1/500 Scale. This kit features 144 parts and measures 17 3/4 inches long. Molded in gray with display stand and decals for both Washington and Carolina battleships. Model was built and painted by Guy Malone.
The US Battleship North Carolina (BB-55), lead ship of a class of 35,000-ton battleships, was built at the Brooklyn Navy Yard. The USS North Carolina was quickly nicknamed "The Showboat" because of all the attention she drew during her trials in New York Harbor. At the time of her commissioning on April 9th 1941, she was considered the world’s greatest sea weapon. Armed with nine 16-inch/45 caliber guns in three turrets, and twenty 5-inch/38 caliber guns in ten twin mounts, North Carolina proved a formidable weapons platform. Her wartime complement consisted of 144 commissioned officers and 2,195 enlisted men, including 86 Marines. In her modern version, the catapult-launched float planes have been replaced by Helicopters for observation service.
The North Carolina went to the Pacific in June 1942. She took part in the Guadalcanal campaign during the rest of that year, covering the initial landings there and participating in the Battle of the Eastern Solomons in August 1942. She was damaged by a Japanese submarine torpedo on September 15th that year, in an attack that also fatally damaged USS Wasp (CV-7), but returned to the Solomons combat zone after a few months' repairs. During an enemy air attack in the Battle of the Eastern Solomons, the North Carolina threw up such a fierce barrage from her anti-aircraft batteries that the mighty Carrier Enterprise signaled to her "ARE YOU AFIRE?!" due to all the smoke.
In November 1943, North Carolina assisted in capturing enemy positions in the Gilbert Islands. This began a pattern of operations for her that lasted for the rest of World War II: serving in the anti-aircraft screen of aircraft carrier task forces and occasionally using her heavy guns to bombard Japanese-held islands. In these roles, during 1944 she was involved in the Marshalls operation in January-February, attacks on Central Pacific targets through the late winter and spring, the Marianas invasion and Battle of Philippine Sea in June, and Western Pacific carrier strikes in November and December.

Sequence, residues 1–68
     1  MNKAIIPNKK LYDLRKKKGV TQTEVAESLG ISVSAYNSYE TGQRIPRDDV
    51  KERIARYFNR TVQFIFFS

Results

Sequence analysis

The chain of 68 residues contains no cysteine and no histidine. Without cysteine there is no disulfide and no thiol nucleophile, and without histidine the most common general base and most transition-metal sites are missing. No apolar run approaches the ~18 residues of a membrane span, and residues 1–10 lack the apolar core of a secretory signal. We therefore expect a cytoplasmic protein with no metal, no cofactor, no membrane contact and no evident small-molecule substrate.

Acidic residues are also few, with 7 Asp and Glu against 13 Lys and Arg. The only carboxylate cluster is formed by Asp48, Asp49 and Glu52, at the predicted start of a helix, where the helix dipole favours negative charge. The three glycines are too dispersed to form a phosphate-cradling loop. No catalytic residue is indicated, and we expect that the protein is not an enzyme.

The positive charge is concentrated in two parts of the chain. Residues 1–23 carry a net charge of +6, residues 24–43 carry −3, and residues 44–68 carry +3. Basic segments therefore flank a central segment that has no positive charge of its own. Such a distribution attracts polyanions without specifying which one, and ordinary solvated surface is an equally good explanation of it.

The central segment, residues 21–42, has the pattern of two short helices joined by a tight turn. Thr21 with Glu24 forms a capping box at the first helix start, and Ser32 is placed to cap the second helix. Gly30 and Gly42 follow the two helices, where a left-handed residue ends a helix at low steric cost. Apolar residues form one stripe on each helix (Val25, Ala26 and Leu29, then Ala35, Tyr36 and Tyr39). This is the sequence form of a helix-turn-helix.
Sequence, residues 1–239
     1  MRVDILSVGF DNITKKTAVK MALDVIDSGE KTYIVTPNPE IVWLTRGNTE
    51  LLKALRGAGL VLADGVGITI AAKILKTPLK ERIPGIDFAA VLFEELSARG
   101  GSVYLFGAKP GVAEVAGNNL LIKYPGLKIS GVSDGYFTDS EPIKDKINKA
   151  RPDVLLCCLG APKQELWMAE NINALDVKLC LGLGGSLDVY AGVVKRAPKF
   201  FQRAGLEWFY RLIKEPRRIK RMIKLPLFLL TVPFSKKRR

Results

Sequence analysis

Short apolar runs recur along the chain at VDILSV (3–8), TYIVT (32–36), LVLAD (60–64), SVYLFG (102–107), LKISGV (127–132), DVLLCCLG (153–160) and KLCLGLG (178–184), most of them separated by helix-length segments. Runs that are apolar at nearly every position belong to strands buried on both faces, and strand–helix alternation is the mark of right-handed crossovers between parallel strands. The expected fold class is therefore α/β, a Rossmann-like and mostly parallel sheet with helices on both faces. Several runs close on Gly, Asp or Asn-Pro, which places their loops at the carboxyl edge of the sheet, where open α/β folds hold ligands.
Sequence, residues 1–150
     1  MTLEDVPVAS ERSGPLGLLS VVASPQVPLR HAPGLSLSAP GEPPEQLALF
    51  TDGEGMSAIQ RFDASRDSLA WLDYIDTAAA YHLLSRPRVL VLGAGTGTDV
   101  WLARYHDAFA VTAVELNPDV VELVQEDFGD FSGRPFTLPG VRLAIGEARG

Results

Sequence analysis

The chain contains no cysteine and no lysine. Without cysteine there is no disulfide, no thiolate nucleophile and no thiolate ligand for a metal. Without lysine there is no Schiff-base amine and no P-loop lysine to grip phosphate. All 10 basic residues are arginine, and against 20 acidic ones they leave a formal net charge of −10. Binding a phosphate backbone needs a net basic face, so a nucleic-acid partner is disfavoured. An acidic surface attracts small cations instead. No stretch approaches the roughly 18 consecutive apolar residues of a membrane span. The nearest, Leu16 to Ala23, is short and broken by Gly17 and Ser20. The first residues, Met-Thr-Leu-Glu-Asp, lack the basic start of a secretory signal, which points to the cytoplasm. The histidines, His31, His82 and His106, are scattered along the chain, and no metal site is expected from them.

North Carolina continued her Western Pacific activities in 1945, participating in the invasions of Iwo Jima in February, and Okinawa in March and April. The battleship also screened carriers on raids throughout the combat zone, including attacks on the Japanese home islands.
Although this mighty naval battlewagon had been torpedoed, dive-bombed, strafed, shelled, and suffered many near misses, she had never been put out of commission by enemy action even though Tokyo Rose had reported her as sunk no less than 6 times during the course of the Pacific war!
By the time the mighty "Showboat" steamed into Tokyo Bay and dropped anchor on September 5th, 1945 after 40 months of action in the Pacific War, her score was admirable. She was credited with destroying 27 Japanese aircraft plus a large number of probables. During 9 major naval bombardments she destroyed literally billions of dollars worth of enemy shore installations, Naval units, and personnel. She was truly a major factor in the power that stopped the ascent of the "Rising Sun", and a stirring tribute to the many Americans who built, supplied, and manned her, and the few who were wounded and died serving her.
In 1961 the North Carolina was transferred to the State of North Carolina to become a memorial and museum at Wilmington, where she remains to this day.